Theodoret of Cyrus (393-466): I own myself wretched—aye thrice wretched. I am guilty of many errors. Through faith alone I look for finding some mercy in the day of the Lord’s appearing. NPNF2: Vol. III, Letters of the Blessed Theodoret, Bishop of Cyrus, Letter 83.
Greek text: Ἐγὼ δὲ ἄθλιον ἐμαυτὸν καὶ τρισάθλιον οἶδα· πολλοῖς γὰρ ὑπόκειμαι πλημμελήμασι· διὰ μόνην δὲ πίστιν ἐν τῇ τῆς θείας ἐπιφανείας ἡμέρᾳ φειδοῦς τινος ἀπολαύσεσθαι προσδοκῶ. Epistola LXXXIII, PG 83:1269.
 
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Ask Mr. Religion

Flatly Unflappable
Wonderful quotes.

Of course, each time I have leveraged them with a Romanist, I am met with the usual wave off denial that conclusions and opinions of professional academic biblical scholars and theologians mean absolutely nothing. Sigh.
 

DTK

Puritan Board Junior
Of course, each time I have leveraged them with a Romanist, I am met with the usual wave off denial that conclusions and opinions of professional academic biblical scholars and theologians mean absolutely nothing. Sigh.
Agreed Patrick, but it proves the claim that Luther was the first to "invent" the phrase sola fide to be a lie. That said, Roman apologists are not averse to sticking their heads in the sand to ignore reality. They remind me of what Spurgeon said about some commentators . . . "They follow one another, and all go astray."
 

Ask Mr. Religion

Flatly Unflappable
Agreed Patrick, but it proves the claim that Luther was the first to "invent" the phrase sola fide to be a lie. That said, Roman apologists are not averse to sticking their heads in the sand to ignore reality. They remind me of what Spurgeon said about some commentators . . . "They follow one another, and all go astray."
Indeed, when faced with irrefutable proof, they retreat behind smokescreens of the magisterium.
 

BayouHuguenot

Puritanboard Clerk
Wonderful quotes.

Of course, each time I have leveraged them with a Romanist, I am met with the usual wave off denial that conclusions and opinions of professional academic biblical scholars and theologians mean absolutely nothing. Sigh.

In one of my debates with Orthodox Bridge's moderator, I quoted Lars Thunberg's book on Maximus the Confessor. I was waved off as "he wasn't part of Holy Tradition." I then found out that the Orthodox seminary St Vlad's publishes a lot of Lars's work.
 

greenbaggins

Administrator
Staff member
But, Jacob, aren't you being just a bit too fact oriented? Honestly, one would think that you cared about what actually happened. In the world of RCC and EO, you just can't think that way at all. You have to unlearn what you have learned (speaking in hushed Yoda voice). In your case, that would, unfortunately, be too long a process, so...you're hopeless. ;)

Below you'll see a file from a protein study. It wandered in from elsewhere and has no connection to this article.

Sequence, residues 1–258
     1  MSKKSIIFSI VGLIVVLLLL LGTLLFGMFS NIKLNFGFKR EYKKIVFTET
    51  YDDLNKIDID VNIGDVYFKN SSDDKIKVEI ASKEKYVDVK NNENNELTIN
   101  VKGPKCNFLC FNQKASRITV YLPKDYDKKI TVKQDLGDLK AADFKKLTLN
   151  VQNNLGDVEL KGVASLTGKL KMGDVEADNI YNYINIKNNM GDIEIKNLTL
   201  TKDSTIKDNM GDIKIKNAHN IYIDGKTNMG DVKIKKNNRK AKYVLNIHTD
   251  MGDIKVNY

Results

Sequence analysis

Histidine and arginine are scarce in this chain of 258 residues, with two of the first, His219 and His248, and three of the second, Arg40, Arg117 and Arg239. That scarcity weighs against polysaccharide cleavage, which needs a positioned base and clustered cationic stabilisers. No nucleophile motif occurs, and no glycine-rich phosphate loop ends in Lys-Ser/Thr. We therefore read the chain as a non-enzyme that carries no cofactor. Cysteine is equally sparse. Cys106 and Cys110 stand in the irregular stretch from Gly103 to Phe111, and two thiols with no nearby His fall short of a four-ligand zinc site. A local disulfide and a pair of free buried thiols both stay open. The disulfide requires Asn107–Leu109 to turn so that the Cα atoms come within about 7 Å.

Dachaser

Puritan Board Doctor
In his commentary on Paul's epistle to the Romans, the Jesuit commentator Joseph Fitzmyer observes that the Reformers, particularly Luther, were not the first to coin and/or use the phrase sola fide with respect to justification. Fitzmyer goes on to list the references by others on pp. 360-361 of Romans, A New Translation with introduction and Commentary, The Anchor Bible Series (New York: Doubleday, 1993).

One of the early church Fathers he references as a source for sola fide is as follows: "Theodoret, Affectionum curatio 7 (PG 93.100; ed. J. Raeder [Teubner], 189.20-24)."

Being the nerd that I am, I double-checked the reference in Migne, listed above as "PG 93.100." For some reason this particular reference of Theodoret from Migne is an error as it is listed in Fitzmyer's commentary. The actual reference should be PG 83:1001. At any rate, I am supplying below the citation from Theodoret, with an English translation and the Greek text from Migne...

Theodoret of Cyrrhus (393-466): For clearly it is not through praiseworthy actions but by faith alone that we obtain mystical blessings. It is for this reason that the divine apostle has also proclaimed: For by grace you have been saved through faith, and this is not your own doing; it is the gift of God⸺not the result of works, so that no one may boast. Thomas Halton, trans., Theodoret of Cyrus: A Cure for Pagan Maladies, Ancient Christian Writers, #67 (New York: The Newman Press, 2013), p.165.
Greek text: Οὐ γὰρ δὴ διʼ ἔργων ἀξιεπαίνων, ἀλλὰ διὰ μόνης πίστεως τῶν μυστικῶν τετυχήκαμεν ἀγαθῶν. Τῷ τοι καὶ ὁ θεῖος ἀπόστολος κέκραγεν· «Χάριτί ἐστε σεσῳσμένοι· καὶ τοῦτο οὐκ ἐξ ὑμῶν, Θεοῦ τὸ δῶρον, ἵνα μή τις καυχήσηται.» Graecarum affectionum curatio, VII, PG 83.1001B.

I mentioned to Lane in a private post that I think the value of Fitzmyer's commentary on Romans, apart from the theological and exegetical scholarship, is what he admits therein, an example being with respect to the meaning of δικαιόω, which he says can be translated as "declare upright," i.e. in a forensic sense. e.g. pp. 117-119.
So even though a catholic scholar, he would agree with the reformed view on justification, or he was just showing how others in the past did?
 

DTK

Puritan Board Junior
So even though a catholic scholar, he would agree with the reformed view on justification, or he was just showing how others in the past did?
No, Fitzmyer would not (after all, he was a Romanist), and it's best to leave the "reformed view" (as we understand it today) out of the matter, for that would be anachronistic. All I'm saying is that the seed form of sola fide, which came to its mature expression in and by the Reformers, was anticipated by writers in the early church. Luther did not invent sola fide; others beat him to the punch.
 

Dachaser

Puritan Board Doctor
No, Fitzmyer would not (after all, he was a Romanist), and it's best to leave the "reformed view" (as we understand it today) out of the matter, for that would be anachronistic. All I'm saying is that the seed form of sola fide, which came to its mature expression in and by the Reformers, was anticipated by writers in the early church. Luther did not invent sola fide; others beat him to the punch.
In the same fashion that Calvin did not invent Calvinism, but was adding to what others as Augustine had recorded down regarding salvation?